HBC has begun to collecinformation on French boyhood school experiences. Our earliest account comes from the 1870s. They include expeeriences at both state and private Catholic schools. One American reader has provided details about his school experiences.
The state schools in Alsace Loraine were taken over by German authorities and the language of instruction became German. Teachers were replaced. I do not know to what extent French language private and Catholic schools were allowed to operate if at all. The majority French population never accepted the German annexation and continued to see themselves as French. This must have resulted in incidents at school. Presumably the teachers saw themselves as Germans and many if not most would have tried to instill German patriotism in the children. School smocks must have been much less common in these provinces than the rest of France, if they were worn at all. HBC does not at this time know just how the children dressed in the Alsace-Loraine schools.
An interesting book provides some fascinating details on French boyhood during the 1910s. It offers insights on several different topics, clothes, hair styles, and
school life. It is the memories of Paul Vailland-Couturier who was born in 1893. The book was translated from the French by Ida Treat, an American paleontologist
and journalist. I've included some text about his clothes at 4 years of age and about his first experiences in school. Included also are some sketches of Paul at about
7. Compare the information in the text with the photographs available for Emile Zola's son Jacques, a contemporary of Paul. The sailor suit with knickers worn by
Paul are similar to the ones worn by Jacques who also wore curls and latter bangs. One of the things emphasized in this book is the isolation of French children until
they were quite old. School was the first time Paul played with other children. Even in the country in the summers he was mostly around adults. French families seem
to have been very close knit units.
Unlike my brother who lived at home, I did not attend a regular school. Instead my uncle had me tutored in his house. A few other children were tutored with me. The result was very good. I got an exceptionally good education. I still have
some of my school-work. Normaly school was compulsory. Home schooling was not as common as it is today. Once or more per year an inspector came from an academy to assess our academic progress. A note from one of these visits in 1949 read, "Alain Paul prèsente un niveau scolaire acceptable. Il s'exprime bien. Il comprend et parle couramment
espagnol." I was 6 years old at the time.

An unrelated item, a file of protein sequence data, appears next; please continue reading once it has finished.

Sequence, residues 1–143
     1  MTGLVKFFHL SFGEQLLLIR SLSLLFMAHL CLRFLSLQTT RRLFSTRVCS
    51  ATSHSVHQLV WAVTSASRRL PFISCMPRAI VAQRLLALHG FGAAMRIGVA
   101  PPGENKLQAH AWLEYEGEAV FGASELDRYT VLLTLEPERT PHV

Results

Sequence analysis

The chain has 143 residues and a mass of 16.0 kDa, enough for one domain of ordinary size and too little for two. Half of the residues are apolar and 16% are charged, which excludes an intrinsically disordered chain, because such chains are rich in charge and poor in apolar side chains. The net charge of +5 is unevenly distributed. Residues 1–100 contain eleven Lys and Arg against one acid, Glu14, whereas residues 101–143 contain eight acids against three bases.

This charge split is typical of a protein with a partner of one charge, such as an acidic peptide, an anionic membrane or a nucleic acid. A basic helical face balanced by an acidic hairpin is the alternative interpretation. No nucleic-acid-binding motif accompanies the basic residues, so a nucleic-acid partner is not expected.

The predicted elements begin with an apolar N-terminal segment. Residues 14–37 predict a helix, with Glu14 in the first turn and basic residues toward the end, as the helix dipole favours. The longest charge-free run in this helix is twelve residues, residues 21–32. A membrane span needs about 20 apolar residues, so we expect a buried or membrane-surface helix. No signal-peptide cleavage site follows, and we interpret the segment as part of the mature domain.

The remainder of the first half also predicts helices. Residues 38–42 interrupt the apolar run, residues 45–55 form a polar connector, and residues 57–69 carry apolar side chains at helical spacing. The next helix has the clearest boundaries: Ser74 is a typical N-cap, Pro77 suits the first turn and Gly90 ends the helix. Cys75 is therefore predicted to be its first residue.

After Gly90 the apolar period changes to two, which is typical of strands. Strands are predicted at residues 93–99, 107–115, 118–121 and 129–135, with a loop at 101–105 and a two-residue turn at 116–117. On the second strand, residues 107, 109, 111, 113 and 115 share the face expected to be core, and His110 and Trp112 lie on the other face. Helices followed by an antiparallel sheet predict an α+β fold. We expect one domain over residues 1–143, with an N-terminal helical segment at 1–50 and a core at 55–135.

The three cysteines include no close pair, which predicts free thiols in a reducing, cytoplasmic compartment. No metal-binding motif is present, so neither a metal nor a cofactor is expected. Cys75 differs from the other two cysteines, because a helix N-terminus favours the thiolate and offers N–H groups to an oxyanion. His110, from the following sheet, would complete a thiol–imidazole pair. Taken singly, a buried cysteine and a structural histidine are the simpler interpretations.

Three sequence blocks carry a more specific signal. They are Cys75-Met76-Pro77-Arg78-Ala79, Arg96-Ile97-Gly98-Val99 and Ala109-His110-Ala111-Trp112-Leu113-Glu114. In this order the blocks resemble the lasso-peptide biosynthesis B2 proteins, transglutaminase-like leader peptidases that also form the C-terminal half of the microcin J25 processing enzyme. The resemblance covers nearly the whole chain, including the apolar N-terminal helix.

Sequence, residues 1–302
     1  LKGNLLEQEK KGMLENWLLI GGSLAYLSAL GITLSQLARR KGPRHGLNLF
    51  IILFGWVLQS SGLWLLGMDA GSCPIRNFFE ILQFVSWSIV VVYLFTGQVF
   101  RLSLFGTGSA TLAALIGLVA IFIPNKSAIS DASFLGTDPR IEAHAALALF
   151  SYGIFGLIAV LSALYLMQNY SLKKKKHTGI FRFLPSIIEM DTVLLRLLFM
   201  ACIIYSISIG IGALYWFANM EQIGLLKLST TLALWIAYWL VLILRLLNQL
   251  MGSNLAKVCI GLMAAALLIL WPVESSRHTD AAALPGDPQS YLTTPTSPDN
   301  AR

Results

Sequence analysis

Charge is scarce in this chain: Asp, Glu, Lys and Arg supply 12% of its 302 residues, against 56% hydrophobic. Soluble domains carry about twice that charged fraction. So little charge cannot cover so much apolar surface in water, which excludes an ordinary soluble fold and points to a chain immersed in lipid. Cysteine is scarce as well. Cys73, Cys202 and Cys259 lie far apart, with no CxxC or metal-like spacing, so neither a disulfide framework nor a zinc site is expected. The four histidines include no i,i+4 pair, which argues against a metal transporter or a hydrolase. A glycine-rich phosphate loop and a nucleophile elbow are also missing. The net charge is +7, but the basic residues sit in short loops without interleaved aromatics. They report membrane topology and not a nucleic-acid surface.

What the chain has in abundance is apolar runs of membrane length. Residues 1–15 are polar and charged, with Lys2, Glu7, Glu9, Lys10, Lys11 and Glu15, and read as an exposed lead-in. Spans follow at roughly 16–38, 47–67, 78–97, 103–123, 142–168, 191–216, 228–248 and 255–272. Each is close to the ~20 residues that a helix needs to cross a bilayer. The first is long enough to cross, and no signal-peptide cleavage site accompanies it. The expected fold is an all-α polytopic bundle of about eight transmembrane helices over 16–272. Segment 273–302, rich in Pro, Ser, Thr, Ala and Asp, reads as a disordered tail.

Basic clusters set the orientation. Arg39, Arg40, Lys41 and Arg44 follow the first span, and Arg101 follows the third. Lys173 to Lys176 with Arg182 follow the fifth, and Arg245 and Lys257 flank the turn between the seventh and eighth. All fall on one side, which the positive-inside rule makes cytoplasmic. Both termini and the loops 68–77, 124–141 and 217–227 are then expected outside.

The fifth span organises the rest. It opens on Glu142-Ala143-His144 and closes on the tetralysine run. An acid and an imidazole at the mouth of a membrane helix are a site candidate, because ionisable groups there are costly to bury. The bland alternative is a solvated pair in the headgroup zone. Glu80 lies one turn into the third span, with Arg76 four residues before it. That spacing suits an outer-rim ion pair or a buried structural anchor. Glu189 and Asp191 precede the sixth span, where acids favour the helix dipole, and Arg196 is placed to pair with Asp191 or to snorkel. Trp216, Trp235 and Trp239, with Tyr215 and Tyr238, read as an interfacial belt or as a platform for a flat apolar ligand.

French boys have not commonly worn formal school uniforms like their across the Channel English cousins. Through much of the first half of the 20th century, elementary school boys in France wore school smocks over their clothes. As this was a very common practice, it gave the appearance of a school uniform. Not all French schoolboys wore smocks. Many did and some had uniform requirements. The children had to wear the same color andstyle of smock. This was most common at private schools, many of which were Catholic schools. A French contributor to HBC has provided us some details on his his boyhood experiences during the 1950s. I was born in 1950 a few years after the end of World War II. From my earlist days I rember wearing smocks. French boys in the 1940s still commonly wore school smocks but it became less common in the 1960s. Wearing smocks at home for play was even less common. Most little boys wore short pants with sandals during the summer and kneesocks during the clothing item for a boy to wear. It protected my clothes and we had littlemoney during the 1940s for new clothes. Thus mother believed that a smock was just perfect for me.
I was in Elementary school until eleven. The elementary school did not requite a uniform as such, but we had to wear smocks. We boys thought it was a good thing
because it didn't matter it ink blots got on it or we got it dirty. We wore the smocks in elementary school, in the classroom, and at playtime. We never wore berets. We has a special white cassock for First Communion. Next I went to a Jesuit Catholic boys college (private secondary ) school. My mother is a very traditionalist Catholic.
The strongest memories that I have about the clothes I wore as a boy were my short pants. My parents insisted on shorts, even when my friends didn't wear them. As a 12-year old boy finishing elementary school, I never thought I'd dress up in short pants and knee socks. That was before my dad got a chance to teach at the Sorbone in Paris. We were soon off to Europe. After a summer of touring Europe, we settked down in Paris and it was time for me to begin school. Had it not been for Dad's opportunity to study at the Sorbone I would never again have worn shorts for anything other than casual wear, But instead, I, as a tall, 12-year old American 7th grader, would find myself put back into short pants that I, as most Americans had come to think of as little boy clothes. We spent the summer of 1964 touring Europe (Scandinavia, the Low Countries, and the British Isles) before settling down in Paris. Every where we went, I saw European boys in short pants--often strikingly short, sometimes with knee socks, neckties and jackets. When my parents saw the way European boys were dressing, I was instantly put back into shorts. Long pants were banned.
Related Chronolgy Pages in the Boys' Historical Web Site
[Main Chronology Page]
[The 1870s] [The 1880s] [The 1930s] [The 1940s] [The 1950s]
[The 1960s] [The 1970s] [The 1980s]
Related Style Pages in the Boys' Historical Web Site
[Main school uniform page]
[Main country page]
[Long pants suits] [Short pants suits] [Socks] [Eton suits]
[Jacket and trousers] [Blazer [School sandals]
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